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The Planet
May 1999 Volume 6, Number 4


Free Trade. At a Price.

Talk about special interest groups.

Seattle is hosting the November summit for the World Trade Organization, which mediates trade disputes between nations. And the Seattle Host Organization has hit upon a clever way to raise the necessary $9 million. It will offer corporate sponsors access to top trade officials from more than 130 countries in exchange for fees of up to $250,000. The Sierra Club has blasted this fundraising scheme, concerned that trade associations such as American Forests and Paper could use this opportunity to buy access to officials. The industry group could then clinch an agreement on global timber trade, a blow for already weak controls on imported forest pests.

"The WTO is like a dark alley where transnational corporations quietly strangle innocent environmental laws," said Dan Seligman, Responsible Trade campaign director. In an ongoing campaign to expose the WTO, the Club has secured national press coverage exposing this trickery.

Birds Beat Planes

Last April, we reported on the novel alliance between the Lone Star Chapter's Houston Group in Texas and the National Rifle Association. They'd teamed up to protect the Katy Prairie - a major stop for migratory birds - 1,500 acres of which were the proposed site for an airport. On March 10, the Houston City Council voted 11-3 to designate the land as the preferred site to be protected in exchange for land that will be lost due to the expansion of Bush Intercontinental Airport.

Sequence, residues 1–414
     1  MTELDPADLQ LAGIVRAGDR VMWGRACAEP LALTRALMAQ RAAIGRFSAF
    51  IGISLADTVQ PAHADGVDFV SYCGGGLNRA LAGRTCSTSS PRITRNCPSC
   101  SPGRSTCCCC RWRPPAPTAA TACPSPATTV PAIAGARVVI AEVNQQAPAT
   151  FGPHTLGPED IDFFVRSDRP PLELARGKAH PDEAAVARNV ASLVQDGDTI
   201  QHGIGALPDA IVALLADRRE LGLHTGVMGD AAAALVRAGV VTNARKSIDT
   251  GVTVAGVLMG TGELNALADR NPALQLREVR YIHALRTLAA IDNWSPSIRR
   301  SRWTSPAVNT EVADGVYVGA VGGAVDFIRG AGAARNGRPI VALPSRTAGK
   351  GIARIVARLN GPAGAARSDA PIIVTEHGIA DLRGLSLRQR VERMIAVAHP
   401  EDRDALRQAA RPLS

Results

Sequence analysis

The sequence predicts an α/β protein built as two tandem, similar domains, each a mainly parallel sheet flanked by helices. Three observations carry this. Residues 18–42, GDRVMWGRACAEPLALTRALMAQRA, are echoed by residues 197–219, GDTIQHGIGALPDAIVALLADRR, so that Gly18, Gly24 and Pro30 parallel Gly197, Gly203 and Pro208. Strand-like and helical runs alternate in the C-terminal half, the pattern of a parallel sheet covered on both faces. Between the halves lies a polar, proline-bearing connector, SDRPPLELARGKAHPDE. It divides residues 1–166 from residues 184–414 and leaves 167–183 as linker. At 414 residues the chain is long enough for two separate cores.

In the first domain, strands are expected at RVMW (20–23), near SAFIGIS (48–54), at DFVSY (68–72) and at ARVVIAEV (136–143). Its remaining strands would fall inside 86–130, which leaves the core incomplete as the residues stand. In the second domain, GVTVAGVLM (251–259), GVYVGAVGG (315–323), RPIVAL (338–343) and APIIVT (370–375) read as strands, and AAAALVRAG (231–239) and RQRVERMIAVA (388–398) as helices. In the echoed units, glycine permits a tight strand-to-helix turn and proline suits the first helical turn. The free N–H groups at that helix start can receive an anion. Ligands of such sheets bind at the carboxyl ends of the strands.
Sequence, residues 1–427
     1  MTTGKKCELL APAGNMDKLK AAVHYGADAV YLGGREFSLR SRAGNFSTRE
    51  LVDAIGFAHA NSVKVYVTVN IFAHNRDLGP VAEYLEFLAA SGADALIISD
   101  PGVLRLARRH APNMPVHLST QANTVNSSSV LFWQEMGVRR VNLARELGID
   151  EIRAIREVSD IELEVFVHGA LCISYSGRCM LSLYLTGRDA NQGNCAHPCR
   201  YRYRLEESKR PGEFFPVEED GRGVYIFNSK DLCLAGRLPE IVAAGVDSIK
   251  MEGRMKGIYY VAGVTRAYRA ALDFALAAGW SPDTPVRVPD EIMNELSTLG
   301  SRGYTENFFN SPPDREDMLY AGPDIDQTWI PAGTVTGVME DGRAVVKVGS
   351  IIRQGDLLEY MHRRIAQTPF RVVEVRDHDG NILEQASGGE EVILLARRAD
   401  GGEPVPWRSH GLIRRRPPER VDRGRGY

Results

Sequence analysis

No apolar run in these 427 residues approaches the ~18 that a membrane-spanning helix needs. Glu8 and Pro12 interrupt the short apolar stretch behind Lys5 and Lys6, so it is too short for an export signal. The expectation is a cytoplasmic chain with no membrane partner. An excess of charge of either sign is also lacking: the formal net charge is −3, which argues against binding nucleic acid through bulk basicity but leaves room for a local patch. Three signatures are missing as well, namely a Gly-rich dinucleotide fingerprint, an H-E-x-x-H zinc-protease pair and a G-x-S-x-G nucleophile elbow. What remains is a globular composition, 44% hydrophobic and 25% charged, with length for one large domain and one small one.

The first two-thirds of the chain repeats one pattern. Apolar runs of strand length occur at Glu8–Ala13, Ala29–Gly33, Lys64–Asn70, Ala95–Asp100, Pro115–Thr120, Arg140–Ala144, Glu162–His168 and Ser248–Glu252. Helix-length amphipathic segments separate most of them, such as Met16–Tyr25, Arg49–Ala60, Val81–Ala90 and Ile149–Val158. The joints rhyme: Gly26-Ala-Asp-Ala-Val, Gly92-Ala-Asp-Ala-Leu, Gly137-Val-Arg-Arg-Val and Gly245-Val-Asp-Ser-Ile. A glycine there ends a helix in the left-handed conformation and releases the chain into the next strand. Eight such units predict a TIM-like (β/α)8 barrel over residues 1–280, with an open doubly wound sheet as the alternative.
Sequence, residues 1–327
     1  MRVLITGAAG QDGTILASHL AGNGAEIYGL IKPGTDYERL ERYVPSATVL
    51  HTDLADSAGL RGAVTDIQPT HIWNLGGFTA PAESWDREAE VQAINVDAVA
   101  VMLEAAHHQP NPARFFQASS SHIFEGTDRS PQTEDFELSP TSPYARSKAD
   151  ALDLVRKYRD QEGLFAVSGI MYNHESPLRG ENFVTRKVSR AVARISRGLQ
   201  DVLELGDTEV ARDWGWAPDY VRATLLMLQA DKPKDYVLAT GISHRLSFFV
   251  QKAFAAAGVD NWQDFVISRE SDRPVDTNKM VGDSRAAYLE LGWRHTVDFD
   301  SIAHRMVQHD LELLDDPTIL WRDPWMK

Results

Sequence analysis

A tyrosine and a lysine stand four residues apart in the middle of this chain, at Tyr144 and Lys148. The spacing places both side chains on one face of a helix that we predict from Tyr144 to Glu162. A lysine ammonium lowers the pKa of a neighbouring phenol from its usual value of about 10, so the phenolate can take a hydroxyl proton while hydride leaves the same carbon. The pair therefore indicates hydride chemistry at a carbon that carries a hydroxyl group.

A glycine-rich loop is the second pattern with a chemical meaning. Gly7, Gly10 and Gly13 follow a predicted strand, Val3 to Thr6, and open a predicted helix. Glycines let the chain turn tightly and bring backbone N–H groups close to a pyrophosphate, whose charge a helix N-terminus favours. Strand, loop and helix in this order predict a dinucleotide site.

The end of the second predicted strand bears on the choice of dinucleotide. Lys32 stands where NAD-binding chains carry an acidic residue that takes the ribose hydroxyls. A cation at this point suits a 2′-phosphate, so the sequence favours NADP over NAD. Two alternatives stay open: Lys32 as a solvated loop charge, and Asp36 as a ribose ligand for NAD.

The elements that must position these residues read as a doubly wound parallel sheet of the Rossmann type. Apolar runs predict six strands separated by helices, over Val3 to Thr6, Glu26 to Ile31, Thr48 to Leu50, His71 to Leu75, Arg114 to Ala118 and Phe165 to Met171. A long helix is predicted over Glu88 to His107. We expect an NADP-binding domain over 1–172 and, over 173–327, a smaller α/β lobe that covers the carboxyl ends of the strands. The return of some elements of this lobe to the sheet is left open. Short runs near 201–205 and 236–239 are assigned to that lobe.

The Katy Prairie site is owned by Houston's Aviation Department. As part of the deal, the city would create wetlands, establish a wildlife refuge and ensure public access to the area. Houston Conservation Committee Chair Marge Hanselman called the vote a major victory. "They're not usually environmentalists, but they saw that thousands and thousands of people - and not just tree huggers - wanted to protect the prairie. Between us, the NRA and other groups, we must have sent 10,000 postcards to the city council."

But Texas Club members and NRA shooters can't put down their pens and pistols yet; the decision to permanently protect the Katy Prairie land will not be final until the environmental impact statement for the airport is complete.

Go on to Club Beat.

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